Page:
Also, I suggest not trying to approach him. In fact I think if he approaches you, that you should calmly retreat a bit. This will build his confidence around you. I suspect right now he is probably a little fearful of being handled and chased but when you change your demeanor and your intent he will start to build trust. When hanging out try being low to the ground. It is less intimidating to the young or worried horse. When you squat or sit down they will feel safer and become bolder. Of course you need to be sure that it is safe to do this in your environment. When he is very comfortable around you again, try scratching his withers. Most babies find this very enjoyable and will scratch each others withers. However, be aware that he may want to reciprocate by scratching you back. Quietly reposition yourself (or his head) so he can’t reach you. I know from experience that these things will help you re-establish a good relationship with your new colt. On my blog, I have suggestions for useful things to teach young horses once they are weaned, well, you may actually start before they are weaned. Use the search bar and search: Teaching a Foal: Starting Them off Right. It is an exiting time. Enjoy the journey with your new foal. Please keep me posted on your progress.
I imagine that this wash stall reminds him of something from his past. Maybe he had some medical procedure or wound tended to while in a similar wash stall and he associates this situation with an unpleasant experience. We will be working toward building a new reinforcement history with this wash stall, one that has a good association. Before you begin think of what you can do to help set him up for success. Anything that may help him out for now. For example, maybe turn him out before hand so he has a chance to burn off some extra energy. What ever you think may help him out. We will fade these things out later as he gets more comfortable but for now they may serve him well. There is also more than one reinforcer, or even two reinforcers at work here. One is the use of food as a positive reinforcement for relaxed behavior. The second is your presence (since he seems to get worried when he is left alone) and the third is taking him out of the wash stall. So be aware what he is doing when any of these reinforcers happen.
I am thinking that he gets pretty worried when he is left alone. So we want to work within his comfort zone. I would suggest working his time in the wash stall as a training session for now. This will usually help to keep you focused on his behavior and not distracted by doing other tasks. You may do a little grooming but it should not really be your objective for now. The small snippets of grooming tasks will actually serve to be building blocks for the end product of standing quietly while being groomed, tacked up or bathed but more importantly standing quietly when on his own.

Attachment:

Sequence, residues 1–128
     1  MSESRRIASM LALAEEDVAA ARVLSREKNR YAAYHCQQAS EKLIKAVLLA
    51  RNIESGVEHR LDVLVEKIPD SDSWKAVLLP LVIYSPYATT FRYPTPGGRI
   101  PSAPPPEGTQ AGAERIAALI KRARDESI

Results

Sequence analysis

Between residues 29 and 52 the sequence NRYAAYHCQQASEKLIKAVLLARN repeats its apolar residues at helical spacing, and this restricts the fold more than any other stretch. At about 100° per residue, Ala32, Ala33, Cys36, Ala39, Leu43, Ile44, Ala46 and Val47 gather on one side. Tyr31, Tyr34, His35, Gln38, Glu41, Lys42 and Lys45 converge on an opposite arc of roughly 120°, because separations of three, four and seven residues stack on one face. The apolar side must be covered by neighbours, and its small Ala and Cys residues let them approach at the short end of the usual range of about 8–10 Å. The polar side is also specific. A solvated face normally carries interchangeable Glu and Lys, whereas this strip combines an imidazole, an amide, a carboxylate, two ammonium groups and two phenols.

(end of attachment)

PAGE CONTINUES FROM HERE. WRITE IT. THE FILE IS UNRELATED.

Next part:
Since it seems he is quiet when you are in very close proximately I would suggest grooming and then stepping back a bit. It may help at first to step away to the back and sides as opposed to walking away from the front which may cause more anxiety. This part will take a little testing to determine what is the most uncomfortable and then break that down to smaller steps or things that cause less worry. Okay, so let’s say, when you step away from him in the wash stall, he is good for 30 seconds and then he starts worrying. Click and reinforce (with food) at 28 seconds, while he is still relaxed. Your presence will also serve as a reinforcement. If that goes well, move to 30 seconds, if that goes well maybe go to 32 seconds. I would then take him out of the wash stall which is another reinforcement for his good performance. Keeping the sessions short and sweet helps him to succeed. He learns that if I am good this will all be over. Slowly build and build, more time and further away. Too slow is better than too fast for this kind of issue. Again, we are looking for him to practice the correct behavior, to form new habits. As you build more and more time I would also suggest approximations that are short in duration as well as the longer ones. This helps to keep you from being too predictable. It kind of keeps them guessing and on their toes. Also you may step back up to him and sometimes work on something he knows or is learning. However, keep it simple, successful and reinforcing.
Now let’s say, you unintentionally push it too far and he gets worried, I would not approach until he settles down, at least somewhat. If you constantly come to his rescue when he acts up he will think that this is how I get comfort (or relief) and his behavior will increase in frequency. That being said, you also don’t want him, or anyone else, to get hurt, so if he gets downright panicked you will need to keep safety in mind and step in, Then take some steps back to rebuild his confidence.
Another thing that can help is if at the end of these good sessions, have his dinner or breakfast ready and let him eat his dinner in the wash stall. I would put it in a tub on the ground so you are not holding it. We want to build up a bit of independence. Pretty soon he will look forward to his time in the wash stall since good things happen there. Well Leone, these are my suggestions for tonight. I may have more thoughts later…I usually do but I think this will get you going in the right direction. Please let me know how things are going and give me some updates! :0)